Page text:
It all happened the summer I turned 13 years old. Otis was there; he saw it too. He can testify and tell you how crazy it was, but you have to be able to speak Cairn Terrier, of course.
It went like this: all the Gales were having a family reunion in Kansas. My mom carved 3 weeks out of our summer camps, classes, and vacations for this thing. It was huge! But that’s how it is with Deedee, big or bigger.
Deedee is what we call my Grandma, Dorothy Gale. The story of how I first tried out Deedee’s name is always passed around family get-togethers, so it was only a matter of time before I again heard how I tried to pronounce “Dorothy” at my 1-year-old birthday party.
Deedee found me sitting in the barn one day, scratching Otis and enjoying as the gentle wind played with my hair. I love Deedee’s barn. The faded, creaky, familiar walls turn golden in sunset and the smell of hay lingers comfortably, mingling with the scent of the freely scattered sweet peas in the magic barn. Deedee adores sweet peas, and as she walked up to the barn, I noticed she had a few in her hair. I jumped down from the retreat I had built a few years ago, the one only Deedee knows about.
“How is the wiz Dolly?” she asked, hugging me.
“Loving her dear old Deedee!” I smiled, cheerfully answering our old greeting. “Deedee,” I asked as she bent to pick a weed from a patch of pink sweet peas, “What is this?”
I pulled a little photograph out of my pocket and gave it to Deedee. Her hand shook a little as she straightened and held the photograph tenderly. “Where…where did you find this?” she asked quietly, staring into my eyes.
“I was poking around in the barn,” I mumbled, looking at my shoes. Obviously, I should’ve left the photo where it was, I thought.
“Danielle, Dolly my dear, don’t be ashamed!” Deedee laughed and squeezed my arm. “This just brings back young memories, Dolly darling,” she explained, leading me to the swing that guards the front of the barn. “Sit by me, and let me tell you some things,” she said, patting the empty seat beside her. “See there,” she said as I sat down, “See that young girl is me,” she pointed to a girl with dark hair in a blue dress. “That standing next to me is Tim, the mechanic who worked in this very barn.” Tim was a large man, well-built, with the friendliest smile I’d ever seen. His hair, face, and his clothes too, seemed to be tinted with silver.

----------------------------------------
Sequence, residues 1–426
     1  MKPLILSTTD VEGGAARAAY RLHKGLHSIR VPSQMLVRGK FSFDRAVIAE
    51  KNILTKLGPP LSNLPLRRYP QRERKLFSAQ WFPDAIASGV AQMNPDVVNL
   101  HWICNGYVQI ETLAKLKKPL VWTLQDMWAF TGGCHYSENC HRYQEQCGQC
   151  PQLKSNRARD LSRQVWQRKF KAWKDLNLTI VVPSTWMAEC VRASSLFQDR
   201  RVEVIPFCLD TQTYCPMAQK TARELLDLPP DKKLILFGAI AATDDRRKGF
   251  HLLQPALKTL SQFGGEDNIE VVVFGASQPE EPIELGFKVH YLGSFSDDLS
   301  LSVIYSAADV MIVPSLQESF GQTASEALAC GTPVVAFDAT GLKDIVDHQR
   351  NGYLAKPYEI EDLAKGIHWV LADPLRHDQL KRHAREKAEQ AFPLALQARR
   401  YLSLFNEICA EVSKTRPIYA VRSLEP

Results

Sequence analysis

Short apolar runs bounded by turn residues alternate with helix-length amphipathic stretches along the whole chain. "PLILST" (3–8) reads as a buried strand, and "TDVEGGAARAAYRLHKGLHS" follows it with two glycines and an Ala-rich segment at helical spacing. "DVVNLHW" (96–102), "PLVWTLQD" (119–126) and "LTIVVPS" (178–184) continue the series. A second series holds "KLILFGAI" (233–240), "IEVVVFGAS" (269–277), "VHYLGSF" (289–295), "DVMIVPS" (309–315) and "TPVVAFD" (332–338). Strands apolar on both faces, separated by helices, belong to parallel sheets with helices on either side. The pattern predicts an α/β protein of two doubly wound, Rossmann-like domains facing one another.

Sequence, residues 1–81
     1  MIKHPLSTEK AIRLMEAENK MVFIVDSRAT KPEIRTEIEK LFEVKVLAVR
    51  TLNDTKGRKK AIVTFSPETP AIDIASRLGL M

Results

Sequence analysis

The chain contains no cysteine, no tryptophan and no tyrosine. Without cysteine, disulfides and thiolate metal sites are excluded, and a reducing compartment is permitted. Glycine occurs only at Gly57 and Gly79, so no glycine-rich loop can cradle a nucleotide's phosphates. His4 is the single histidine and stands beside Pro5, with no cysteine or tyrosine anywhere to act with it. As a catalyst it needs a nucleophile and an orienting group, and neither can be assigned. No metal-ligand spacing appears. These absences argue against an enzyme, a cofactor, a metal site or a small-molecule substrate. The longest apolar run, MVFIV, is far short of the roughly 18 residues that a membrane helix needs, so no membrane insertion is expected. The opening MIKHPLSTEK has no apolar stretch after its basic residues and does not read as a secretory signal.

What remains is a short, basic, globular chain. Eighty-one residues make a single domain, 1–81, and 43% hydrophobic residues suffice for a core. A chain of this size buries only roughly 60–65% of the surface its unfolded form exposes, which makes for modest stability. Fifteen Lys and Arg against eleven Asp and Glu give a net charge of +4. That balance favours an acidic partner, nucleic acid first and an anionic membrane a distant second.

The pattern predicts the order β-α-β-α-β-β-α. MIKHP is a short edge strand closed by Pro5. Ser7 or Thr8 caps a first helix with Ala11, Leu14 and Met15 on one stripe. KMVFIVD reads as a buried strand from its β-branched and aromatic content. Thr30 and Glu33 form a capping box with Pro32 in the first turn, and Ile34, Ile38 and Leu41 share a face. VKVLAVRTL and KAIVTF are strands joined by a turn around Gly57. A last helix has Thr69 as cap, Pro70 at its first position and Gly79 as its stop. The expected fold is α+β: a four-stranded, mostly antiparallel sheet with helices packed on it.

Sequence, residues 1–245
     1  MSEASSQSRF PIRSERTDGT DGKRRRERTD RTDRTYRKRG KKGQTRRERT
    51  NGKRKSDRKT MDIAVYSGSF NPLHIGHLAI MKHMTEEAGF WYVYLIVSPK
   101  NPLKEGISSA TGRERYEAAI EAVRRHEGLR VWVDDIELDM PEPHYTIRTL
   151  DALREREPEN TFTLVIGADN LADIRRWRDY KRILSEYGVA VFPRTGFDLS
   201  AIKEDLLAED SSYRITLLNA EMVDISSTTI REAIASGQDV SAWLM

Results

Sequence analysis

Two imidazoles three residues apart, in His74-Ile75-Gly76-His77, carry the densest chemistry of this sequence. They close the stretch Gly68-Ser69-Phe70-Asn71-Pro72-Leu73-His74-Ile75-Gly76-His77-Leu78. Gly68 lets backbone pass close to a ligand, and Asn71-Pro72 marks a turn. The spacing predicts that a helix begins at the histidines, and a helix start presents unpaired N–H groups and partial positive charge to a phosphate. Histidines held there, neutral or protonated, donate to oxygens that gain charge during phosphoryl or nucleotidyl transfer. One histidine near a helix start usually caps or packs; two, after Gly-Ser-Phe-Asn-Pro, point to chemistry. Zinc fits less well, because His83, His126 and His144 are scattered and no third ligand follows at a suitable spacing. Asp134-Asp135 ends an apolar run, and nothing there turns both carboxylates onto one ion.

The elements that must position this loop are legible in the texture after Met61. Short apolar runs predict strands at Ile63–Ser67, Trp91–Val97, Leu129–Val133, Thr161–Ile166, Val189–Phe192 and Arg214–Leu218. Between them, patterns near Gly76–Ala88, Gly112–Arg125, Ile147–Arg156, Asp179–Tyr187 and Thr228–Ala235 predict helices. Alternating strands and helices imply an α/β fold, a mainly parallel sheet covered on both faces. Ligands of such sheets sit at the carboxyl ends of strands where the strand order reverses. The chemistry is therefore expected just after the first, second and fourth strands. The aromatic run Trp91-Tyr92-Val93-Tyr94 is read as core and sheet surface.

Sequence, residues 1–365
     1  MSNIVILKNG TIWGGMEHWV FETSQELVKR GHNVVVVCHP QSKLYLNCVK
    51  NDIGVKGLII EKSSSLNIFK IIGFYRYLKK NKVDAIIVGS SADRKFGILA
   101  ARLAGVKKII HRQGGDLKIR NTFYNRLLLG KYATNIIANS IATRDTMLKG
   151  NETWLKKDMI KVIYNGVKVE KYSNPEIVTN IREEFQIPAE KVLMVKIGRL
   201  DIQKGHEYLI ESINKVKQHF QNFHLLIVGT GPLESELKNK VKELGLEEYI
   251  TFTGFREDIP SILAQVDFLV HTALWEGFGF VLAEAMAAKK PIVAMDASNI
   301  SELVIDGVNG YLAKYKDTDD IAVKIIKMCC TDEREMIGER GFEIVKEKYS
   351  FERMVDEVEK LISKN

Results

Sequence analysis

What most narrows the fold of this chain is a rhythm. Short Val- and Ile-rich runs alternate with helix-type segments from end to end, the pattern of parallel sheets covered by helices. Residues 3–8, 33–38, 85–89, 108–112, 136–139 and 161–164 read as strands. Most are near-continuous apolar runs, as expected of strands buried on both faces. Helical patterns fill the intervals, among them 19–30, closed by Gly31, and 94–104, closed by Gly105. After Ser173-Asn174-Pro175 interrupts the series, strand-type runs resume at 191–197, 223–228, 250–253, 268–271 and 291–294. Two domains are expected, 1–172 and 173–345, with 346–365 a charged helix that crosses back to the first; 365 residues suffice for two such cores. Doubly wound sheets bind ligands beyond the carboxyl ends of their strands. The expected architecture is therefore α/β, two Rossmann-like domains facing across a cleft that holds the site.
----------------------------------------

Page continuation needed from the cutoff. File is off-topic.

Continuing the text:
“Does that man have straw in his hair?” I asked incredulously.
“Deedee laughed, “Yes, of course! That’s Scotty, our farmhard we had. He was always covered in something, we should be grateful it wasn’t slops.”
“Deedee,” I asked, pointing to the girl in the picture (I couldn’t believe it was Deedee), “What are you holding?”
“Why, that is Toot, my dog I had when I was a girl. I believe,” she said, eyeing Otis, “That Otis is a descendent of Toot.”
“Deedee, if you’re holding Otis–I mean Toot, what’s Scotty holding?” I asked, scratching Otis behind his ears, the ears that are identical to Toot’s. Deedee looked where I was pointing and laughed so loud Otis jumped up, “I had forgotten all about Cow!”
“Wait, that brown, furry thing is a cow?” I asked, shocked.
“No, no of course. It’s a stuffed lion I won at the fair. We named him Cow Harold Lee,” she chuckled.
“Cow Harold Lee, like…Cowardly? Oh Deedee, did you name him after the Cowardly Lion in the the Wizard of Oz?” I laughed too, then took a closer look at the photo. “The Wizard of Oz,” I breathed, grabbing the photo, my eyes widening. The Cowardly Lion, Scotty with straw in his hair, Tim the silver-colored handyman, and my Deedee…Dorothy Gale! Toot, Toto, Kansas, it all fit. Except, a photo? Of a children’s story?
The wind picked up, and snatched the photograph out of my hand. I looked around. Deedee was nowhere in sight. The wind rocked the swing back and forth, back and forth, getting faster and faster. I grabbed little Otis, gripped the swing, and squeezed my eyes shut. When I opened them, hesitantly, a glittering, beautiful lady smiled and exclaimed, “Dorothy, you’ve come back!” She hugged me, and I noticed she smelled like sweet peas.
“Um, no,” I stuttered, pulling away from her, “I’m Deedee’s, I mean, Dorothy’s granddaughter Danielle. Dorothy calls me Dolly.”
“Dolly,” the gorgeous lady took my hand, “There have been generations of Gales that have passed through here. Are you ready to add your own adventure to their collection?”
I nodded, slowly at first, then picked up speed and confidence. She smiled her charming smile. “Then let me be the first to welcome you to Oz!”
By Rebecca Wood
Photo Credits: thejudyroom.com